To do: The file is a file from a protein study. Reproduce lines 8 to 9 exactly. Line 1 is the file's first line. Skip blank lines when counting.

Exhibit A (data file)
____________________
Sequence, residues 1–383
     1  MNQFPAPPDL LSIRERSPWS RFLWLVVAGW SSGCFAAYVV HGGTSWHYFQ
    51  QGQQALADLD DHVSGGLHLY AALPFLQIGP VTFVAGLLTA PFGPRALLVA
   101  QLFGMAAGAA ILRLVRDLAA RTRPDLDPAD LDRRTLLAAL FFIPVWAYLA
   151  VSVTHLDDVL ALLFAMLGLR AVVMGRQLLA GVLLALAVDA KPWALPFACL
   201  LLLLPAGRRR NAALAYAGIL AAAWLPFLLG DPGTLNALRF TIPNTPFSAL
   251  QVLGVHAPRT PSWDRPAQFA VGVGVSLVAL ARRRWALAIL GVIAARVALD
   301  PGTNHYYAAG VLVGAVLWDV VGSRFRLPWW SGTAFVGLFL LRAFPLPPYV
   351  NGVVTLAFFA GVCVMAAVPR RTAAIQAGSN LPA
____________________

   301  PGTNHYYAAG VLVGAVLWDV VGSRFRLPWW SGTAFVGLFL LRAFPLPPYV
   351  NGVVTLAFFA GVCVMAAVPR RTAAIQAGSN LPA